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Gilchrist, others discuss update on EITC checks

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Michigan state officials followed up Wednesday on last week’s announcement that tax refund checks for the 2022 tax year could start going out to low- and moderate-income workers as soon as mid-February.

The federal earned income tax credit is meant to help households under a certain income level.

The checks stem from a Michigan law that retroactively increased the state’s version of the EITC. It takes effect on February 13, 2024.

Lieutenant Governor Garlin Gilchrist said the extra money will help families in need.

“We know that stuff is expensive, groceries are expensive. And so, to be able to have a little bit more money in your pocket from the State of Michigan, we think that lays a foundation for economic security for people in Michigan at a time when so many people are still feeling insecure,” Gilchrist told reporters after a press conference in Lansing Wednesday.

During the gathering, speakers discussed how having extra money from the EITC helped them and those in their communities out during hard times.

Michigan’s expansion grew the state’s supplement to the EITC from 6% of the federal credit to 30%.

Democratic legislative leadership had hoped residents would be able to see the change reflected in tax refunds received this year. But Republican opposition to business incentive spending and other provisions that had been looped into the law kept it from receiving enough support to go into effect immediately — hence the need to send out additional refund checks in February 2024.

The idea of expanding the EITC itself, however, has received bipartisan support.

Despite the popularity of the program, some policy analysts have expressed concerns about its ability to lift people out of poverty.

James Hohman is director of fiscal policy at the Mackinac Center for Public Policy. He said the credit allows too many people to qualify.

“It can matter to a lot of people, as a lot of redistribution programs should be, but lawmakers should be focused on helping the people who need it most. And there are better options than the earned income tax credit,” Hohman said.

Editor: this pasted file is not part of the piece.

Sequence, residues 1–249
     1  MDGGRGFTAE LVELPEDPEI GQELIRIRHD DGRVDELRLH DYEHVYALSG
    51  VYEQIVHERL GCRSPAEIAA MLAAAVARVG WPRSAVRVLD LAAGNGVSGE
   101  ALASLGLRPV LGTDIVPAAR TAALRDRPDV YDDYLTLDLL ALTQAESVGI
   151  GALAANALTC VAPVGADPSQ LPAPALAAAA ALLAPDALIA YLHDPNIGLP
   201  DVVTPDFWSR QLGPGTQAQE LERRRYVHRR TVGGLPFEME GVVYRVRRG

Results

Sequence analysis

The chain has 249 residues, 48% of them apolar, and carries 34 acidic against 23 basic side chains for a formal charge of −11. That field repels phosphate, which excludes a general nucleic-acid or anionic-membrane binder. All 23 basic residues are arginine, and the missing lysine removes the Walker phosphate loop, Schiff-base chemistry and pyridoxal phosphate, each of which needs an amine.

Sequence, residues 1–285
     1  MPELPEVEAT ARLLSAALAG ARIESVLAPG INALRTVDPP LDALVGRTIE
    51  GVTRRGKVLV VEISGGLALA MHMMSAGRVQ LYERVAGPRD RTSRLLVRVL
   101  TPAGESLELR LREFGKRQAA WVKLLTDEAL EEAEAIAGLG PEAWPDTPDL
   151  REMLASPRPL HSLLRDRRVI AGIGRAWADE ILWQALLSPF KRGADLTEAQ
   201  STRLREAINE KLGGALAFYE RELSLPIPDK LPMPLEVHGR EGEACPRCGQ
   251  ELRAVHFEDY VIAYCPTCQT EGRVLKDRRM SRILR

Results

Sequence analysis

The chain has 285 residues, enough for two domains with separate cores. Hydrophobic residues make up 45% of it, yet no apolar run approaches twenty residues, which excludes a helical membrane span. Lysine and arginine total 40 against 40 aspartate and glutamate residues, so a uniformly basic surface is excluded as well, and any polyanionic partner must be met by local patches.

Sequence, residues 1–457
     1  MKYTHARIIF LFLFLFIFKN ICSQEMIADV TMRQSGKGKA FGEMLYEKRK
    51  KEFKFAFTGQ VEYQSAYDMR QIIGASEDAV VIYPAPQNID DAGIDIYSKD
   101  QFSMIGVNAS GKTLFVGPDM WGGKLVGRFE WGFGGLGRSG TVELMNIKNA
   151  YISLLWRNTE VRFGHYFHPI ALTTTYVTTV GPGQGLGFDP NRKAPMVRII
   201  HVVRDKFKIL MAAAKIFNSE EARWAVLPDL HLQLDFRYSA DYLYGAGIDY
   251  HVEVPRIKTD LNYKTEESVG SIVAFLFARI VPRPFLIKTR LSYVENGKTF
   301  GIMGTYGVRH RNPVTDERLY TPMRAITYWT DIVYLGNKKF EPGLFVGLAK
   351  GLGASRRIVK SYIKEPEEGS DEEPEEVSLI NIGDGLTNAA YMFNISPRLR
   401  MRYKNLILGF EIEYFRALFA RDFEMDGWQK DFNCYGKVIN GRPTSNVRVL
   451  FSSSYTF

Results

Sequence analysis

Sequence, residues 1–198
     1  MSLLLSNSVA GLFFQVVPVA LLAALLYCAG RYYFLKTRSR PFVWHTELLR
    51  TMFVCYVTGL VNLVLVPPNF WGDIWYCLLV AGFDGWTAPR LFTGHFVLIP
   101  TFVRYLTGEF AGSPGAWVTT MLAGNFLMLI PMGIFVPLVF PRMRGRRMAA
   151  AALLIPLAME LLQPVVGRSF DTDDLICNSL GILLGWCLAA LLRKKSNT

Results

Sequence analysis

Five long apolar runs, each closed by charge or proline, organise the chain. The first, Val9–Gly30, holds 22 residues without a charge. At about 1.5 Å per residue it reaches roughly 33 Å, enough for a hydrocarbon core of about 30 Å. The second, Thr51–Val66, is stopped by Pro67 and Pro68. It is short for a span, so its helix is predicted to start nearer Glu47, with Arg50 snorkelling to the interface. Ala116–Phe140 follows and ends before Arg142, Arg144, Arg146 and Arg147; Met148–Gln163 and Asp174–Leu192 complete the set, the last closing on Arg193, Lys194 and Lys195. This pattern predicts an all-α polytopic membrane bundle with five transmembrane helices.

The state estimates around 700,000 families will qualify for an average refund check of about $550.

Hohman said it’s worth acknowledging that there are people who need help that may not officially meet federal poverty guidelines. But he said policymakers should spend their time focusing on targeted efforts.

“Lawmakers can do a lot more to help families in poverty if they agree that eligibility assistance needs to be targeted at families that need it. Because unfortunately, too much of the discussion today is about expanding eligibility to families that don’t need assistance,” Hohman said.

At Wednesday’s press conference, state Representative Emily Dievendorf (D-Lansing) embraced the EITC while making the case for more programming aimed at helping low-income residents.

“I think the more we can do to ensure that folks have the ability to meet their most basic needs, the better. And, this is not the beginning, it’s not the middle, it’s not the end, we will continue to be doing everything we can to ensure that folks are not struggling and we’re building a strong foundation,” Dievendorf said.

The governor’s office says families who claimed the EITC on their 2022 tax returns will automatically receive the new refund checks in the mail once they’re printed.

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Colin Jackson is the Capitol reporter for the Michigan Public Radio Network.
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